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Sunday, October 08, 2006

CSKA Moscow Routs the L.A. Clippers, 94-75

CSKA Moscow, the Euro League champion, outscored the L.A. Clippers in each quarter and posted a 94-75 victory in an NBA Europe Live Tour game. Trajan Langdon led CSKA with 17 points and seven rebounds in a game-high 38 minutes. Theo Papaloukas, who was last seen helping Greece's national team destroy Team USA in the FIBA World Championships, performed similar duties for CSKA, not so much with his 10 points but rather with his nine assists against only one turnover; he comes off the bench for CSKA but is their best player and, according to NBA TV, is the highest paid player in the Euro League. In contrast, Shaun Livingston had no assists and seven turnovers for the Clippers; Sam Cassell was not much better in his return to the starting lineup, scoring eight points on 3-11 shooting and committing two turnovers while only having one assist. Chris Kaman topped the Clippers with 15 points and 11 rebounds but struggled on defense, earning a tongue lashing from Cassell at one point. Elton Brand is apparently waiting to bring his "A" game until the results actually count; he finished with eight points and eight rebounds, shooting only 2-7 from the field.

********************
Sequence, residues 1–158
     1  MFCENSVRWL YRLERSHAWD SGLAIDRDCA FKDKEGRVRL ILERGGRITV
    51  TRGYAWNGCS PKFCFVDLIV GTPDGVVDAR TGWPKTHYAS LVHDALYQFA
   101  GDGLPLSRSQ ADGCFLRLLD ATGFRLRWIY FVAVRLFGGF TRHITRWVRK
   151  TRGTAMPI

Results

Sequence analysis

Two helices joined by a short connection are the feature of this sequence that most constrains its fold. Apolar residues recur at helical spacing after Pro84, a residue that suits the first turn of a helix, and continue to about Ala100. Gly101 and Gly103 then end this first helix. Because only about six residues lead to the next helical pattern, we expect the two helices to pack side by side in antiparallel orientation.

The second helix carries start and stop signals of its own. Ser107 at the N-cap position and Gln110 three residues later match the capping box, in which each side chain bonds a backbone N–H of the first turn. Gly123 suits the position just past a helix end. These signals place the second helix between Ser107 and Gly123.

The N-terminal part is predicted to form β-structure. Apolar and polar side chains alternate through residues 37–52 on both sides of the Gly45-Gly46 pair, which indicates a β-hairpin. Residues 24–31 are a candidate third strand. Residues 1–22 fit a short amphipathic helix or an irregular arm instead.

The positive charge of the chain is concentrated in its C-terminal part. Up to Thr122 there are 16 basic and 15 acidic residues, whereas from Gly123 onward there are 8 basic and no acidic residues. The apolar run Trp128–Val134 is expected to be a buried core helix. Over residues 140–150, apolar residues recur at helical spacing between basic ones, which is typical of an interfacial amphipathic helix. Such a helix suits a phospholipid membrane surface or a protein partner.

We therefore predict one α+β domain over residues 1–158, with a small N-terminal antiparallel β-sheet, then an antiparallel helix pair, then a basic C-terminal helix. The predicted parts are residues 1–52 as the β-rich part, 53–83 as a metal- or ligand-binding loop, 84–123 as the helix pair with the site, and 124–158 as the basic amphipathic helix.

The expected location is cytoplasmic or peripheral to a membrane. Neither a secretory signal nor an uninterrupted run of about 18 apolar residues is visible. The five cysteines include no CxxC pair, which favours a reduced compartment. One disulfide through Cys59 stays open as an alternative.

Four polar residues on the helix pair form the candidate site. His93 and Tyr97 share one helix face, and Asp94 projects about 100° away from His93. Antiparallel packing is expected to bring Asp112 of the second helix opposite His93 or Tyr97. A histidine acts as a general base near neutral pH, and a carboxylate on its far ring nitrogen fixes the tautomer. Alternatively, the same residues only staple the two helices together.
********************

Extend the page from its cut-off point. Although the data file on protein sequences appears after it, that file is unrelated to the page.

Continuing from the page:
If CSKA's win is considered a triumph of international basketball over U.S. basketball then some kind of asterisk should be applied--three of CSKA's starters are American players: Langdon, J.R. Holden and David Vanterpool. Holden had a forgettable game but Vanterpool (14 point, five rebounds) was one of six CSKA players to score in double figures. The Clippers were one of the top teams in the NBA last year, so it seems strange to see them get blown out by a team with those guys playing heavy minutes. After all, Langdon played in just 119 games in three NBA seasons, shooting well on three pointers and free throws but doing nothing else with distinction in limited playing time. Vanterpool played briefly for the Wizards in 2001 and Holden has not played in the NBA at all. So what in the name of James Naismith is going on here? First, while the NBA Europe Live Tour is a great showcase for the international teams--who have already started their regular seasons--these are the first preseason exhibition games for the NBA teams that are involved. Second, the games use a curious hybrid of NBA and FIBA rules (as I explained in my first post about the Tour). Third, the American players are fully integrated into their teams in roles that maximize their strengths and hide their weaknesses. Consider Langdon, the former Duke star and surely by far the best known of the three Americans. When he played in the NBA he could neither create his shot off of the dribble nor could he play effective one on one defense. What he could always do is make open shots. CSKA plays an assortment of zones and trapping defenses that don't leave him on an island and they provide him open shots off of kick outs from dribble penetration or as the result of a series of screens.